The law provides persons with disabilities the same rights as other citizens in employment, education, access to health care, and the provision of other state services. Persons with disabilities, however, continued to face discrimination. The law mandates access to public transportation and buildings for persons with disabilities, but many older buildings, including government buildings and schools, did not conform to the law.
The government provided alternative education opportunities for citizen children with disabilities, including overseas schooling when appropriate.
Additionally, the Ministry of Education collaborated with the International Council for Educational Reform and Development to operate a curriculum for students with intellectual disabilities within the standard school system. The ministers of education and of health crafted a broad-based, prioritized strategy for various ministries to coordinate the issue of child autism in the country, including early autism diagnosis and intervention. The Ministry of Education also coordinated with UNICEF to improve its alternative education systems.
The Ministry of Social Development is responsible for protecting the rights of persons with disabilities. The Directorate General of Disabled Affairs within the Ministry of Social Development creates and implements programs for persons with disabilities in coordination with relevant authorities. The directorate was authorized further to supervise all of the ministry’s rehabilitation and treatment centers for persons with disabilities.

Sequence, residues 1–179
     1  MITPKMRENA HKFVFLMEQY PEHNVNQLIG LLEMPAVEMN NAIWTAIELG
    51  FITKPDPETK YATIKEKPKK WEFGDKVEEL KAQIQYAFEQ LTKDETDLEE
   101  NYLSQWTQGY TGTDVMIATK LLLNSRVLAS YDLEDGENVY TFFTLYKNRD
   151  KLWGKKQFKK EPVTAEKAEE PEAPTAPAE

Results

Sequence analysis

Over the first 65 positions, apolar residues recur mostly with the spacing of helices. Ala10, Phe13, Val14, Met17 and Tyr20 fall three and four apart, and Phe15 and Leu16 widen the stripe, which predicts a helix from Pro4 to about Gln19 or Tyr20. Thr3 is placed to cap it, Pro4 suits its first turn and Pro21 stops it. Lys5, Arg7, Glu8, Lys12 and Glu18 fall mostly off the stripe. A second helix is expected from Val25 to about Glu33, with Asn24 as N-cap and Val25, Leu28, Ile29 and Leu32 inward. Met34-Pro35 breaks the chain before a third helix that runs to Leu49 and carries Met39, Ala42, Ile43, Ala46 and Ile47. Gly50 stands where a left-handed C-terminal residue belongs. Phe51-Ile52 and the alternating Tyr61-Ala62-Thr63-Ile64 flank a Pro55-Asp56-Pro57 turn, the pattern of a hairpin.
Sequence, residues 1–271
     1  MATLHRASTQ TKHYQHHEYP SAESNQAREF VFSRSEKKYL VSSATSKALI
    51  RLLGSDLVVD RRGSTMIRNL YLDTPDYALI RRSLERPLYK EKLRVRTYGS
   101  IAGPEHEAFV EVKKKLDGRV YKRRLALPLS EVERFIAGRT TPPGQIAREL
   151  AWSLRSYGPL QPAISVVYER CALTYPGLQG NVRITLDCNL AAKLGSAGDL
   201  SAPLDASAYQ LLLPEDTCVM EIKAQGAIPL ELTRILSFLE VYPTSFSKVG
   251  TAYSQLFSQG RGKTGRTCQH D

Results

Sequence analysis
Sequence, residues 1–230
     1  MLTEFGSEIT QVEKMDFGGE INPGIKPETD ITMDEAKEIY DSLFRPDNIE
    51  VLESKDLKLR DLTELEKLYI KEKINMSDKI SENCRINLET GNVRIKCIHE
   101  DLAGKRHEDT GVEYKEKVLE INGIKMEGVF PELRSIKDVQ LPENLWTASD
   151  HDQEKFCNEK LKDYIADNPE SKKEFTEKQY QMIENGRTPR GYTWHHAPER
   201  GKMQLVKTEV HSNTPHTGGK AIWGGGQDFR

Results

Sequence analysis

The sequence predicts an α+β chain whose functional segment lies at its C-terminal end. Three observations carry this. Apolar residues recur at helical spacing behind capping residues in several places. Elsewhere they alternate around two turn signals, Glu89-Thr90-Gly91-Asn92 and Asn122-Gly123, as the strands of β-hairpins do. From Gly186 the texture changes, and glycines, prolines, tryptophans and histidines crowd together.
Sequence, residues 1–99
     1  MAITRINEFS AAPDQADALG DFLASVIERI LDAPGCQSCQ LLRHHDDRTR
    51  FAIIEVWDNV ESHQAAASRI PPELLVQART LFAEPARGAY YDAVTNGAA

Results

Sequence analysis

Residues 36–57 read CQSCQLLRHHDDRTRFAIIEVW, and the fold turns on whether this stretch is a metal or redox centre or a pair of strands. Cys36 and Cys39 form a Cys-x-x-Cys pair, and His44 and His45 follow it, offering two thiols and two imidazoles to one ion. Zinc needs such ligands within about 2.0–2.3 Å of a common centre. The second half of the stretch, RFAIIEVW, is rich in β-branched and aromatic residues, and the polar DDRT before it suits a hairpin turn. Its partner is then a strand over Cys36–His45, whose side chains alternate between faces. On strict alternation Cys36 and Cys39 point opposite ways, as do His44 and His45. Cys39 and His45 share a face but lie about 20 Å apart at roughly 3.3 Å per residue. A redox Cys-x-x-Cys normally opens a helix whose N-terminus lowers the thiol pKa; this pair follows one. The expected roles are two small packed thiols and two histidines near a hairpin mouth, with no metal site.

Acts of Violence, Criminalization, and Other Abuses Based on Sexual Orientation and Gender Identity
The penal code criminalizes consensual same-sex sexual conduct with a jail term of six months to three years, but it requires a spouse or guardian complaint to initiate prosecution. The government did not actively enforce this law.
The penal code identifies “crossdressing” (defined as males dressing in female clothing) as a criminal act punishable by up to one year’s imprisonment.
Public discussion of sexual orientation and gender identity remained a social taboo. There were no known lesbian, gay, bisexual, transgender, and intersex (LGBTI) organizations active in the country; however, regional human rights organizations focused on the human rights of LGBTI citizens. Authorities took steps to block LGBTI-related internet content.
Information was not available on official or private discrimination in employment, occupation, housing, statelessness, or access to education or health care based on sexual orientation and gender identity. There were no government efforts to address discrimination.
Foreigners seeking residency in the country are tested for HIV/AIDS. If tested positive, the residency permission is denied, and foreigners must leave the country, but there were no known occurrences of this.